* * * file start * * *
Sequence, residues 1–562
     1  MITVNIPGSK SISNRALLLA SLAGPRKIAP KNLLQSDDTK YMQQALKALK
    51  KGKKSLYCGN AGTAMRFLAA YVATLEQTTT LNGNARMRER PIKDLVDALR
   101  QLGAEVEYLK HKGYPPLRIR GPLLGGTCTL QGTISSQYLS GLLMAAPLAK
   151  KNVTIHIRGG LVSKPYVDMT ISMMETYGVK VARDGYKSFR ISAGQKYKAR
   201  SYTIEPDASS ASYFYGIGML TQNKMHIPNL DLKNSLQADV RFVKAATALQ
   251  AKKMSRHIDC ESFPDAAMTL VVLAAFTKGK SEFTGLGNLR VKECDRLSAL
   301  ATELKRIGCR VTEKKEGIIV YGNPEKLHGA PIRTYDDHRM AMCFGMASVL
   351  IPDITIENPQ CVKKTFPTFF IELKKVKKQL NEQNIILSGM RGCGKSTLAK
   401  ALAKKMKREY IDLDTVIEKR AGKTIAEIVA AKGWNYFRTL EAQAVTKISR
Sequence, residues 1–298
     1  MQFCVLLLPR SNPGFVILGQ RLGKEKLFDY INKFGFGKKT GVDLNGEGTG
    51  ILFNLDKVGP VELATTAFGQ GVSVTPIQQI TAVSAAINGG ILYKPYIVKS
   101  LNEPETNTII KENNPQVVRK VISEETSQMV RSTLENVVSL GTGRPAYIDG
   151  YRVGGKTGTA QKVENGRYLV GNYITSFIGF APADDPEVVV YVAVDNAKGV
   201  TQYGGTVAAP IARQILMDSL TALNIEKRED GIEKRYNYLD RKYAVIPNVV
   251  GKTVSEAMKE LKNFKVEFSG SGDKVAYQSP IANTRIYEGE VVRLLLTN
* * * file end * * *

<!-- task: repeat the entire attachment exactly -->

Sequence, residues 1–562
     1  MITVNIPGSK SISNRALLLA SLAGPRKIAP KNLLQSDDTK YMQQALKALK
    51  KGKKSLYCGN AGTAMRFLAA YVATLEQTTT LNGNARMRER PIKDLVDALR
   101  QLGAEVEYLK HKGYPPLRIR GPLLGGTCTL QGTISSQYLS GLLMAAPLAK
   151  KNVTIHIRGG LVSKPYVDMT ISMMETYGVK VARDGYKSFR ISAGQKYKAR
   201  SYTIEPDASS ASYFYGIGML TQNKMHIPNL DLKNSLQADV RFVKAATALQ
   251  AKKMSRHIDC ESFPDAAMTL VVLAAFTKGK SEFTGLGNLR VKECDRLSAL
   301  ATELKRIGCR VTEKKEGIIV YGNPEKLHGA PIRTYDDHRM AMCFGMASVL
   351  IPDITIENPQ CVKKTFPTFF IELKKVKKQL NEQNIILSGM RGCGKSTLAK
   401  ALAKKMKREY IDLDTVIEKR AGKTIAEIVA AKGWNYFRTL EAQAVTKISR
Sequence, residues 1–298
     1  MQFCVLLLPR SNPGFVILGQ RLGKEKLFDY INKFGFGKKT GVDLNGEGTG
    51  ILFNLDKVGP VELATTAFGQ GVSVTPIQQI TAVSAAINGG ILYKPYIVKS
   101  LNEPETNTII KENNPQVVRK VISEETSQMV RSTLENVVSL GTGRPAYIDG
   151  YRVGGKTGTA QKVENGRYLV GNYITSFIGF APADDPEVVV YVAVDNAKGV
   201  TQYGGTVAAP IARQILMDSL TALNIEKRED GIEKRYNYLD RKYAVIPNVV
   251  GKTVSEAMKE LKNFKVEFSG SGDKVAYQSP IANTRIYEGE VVRLLLTN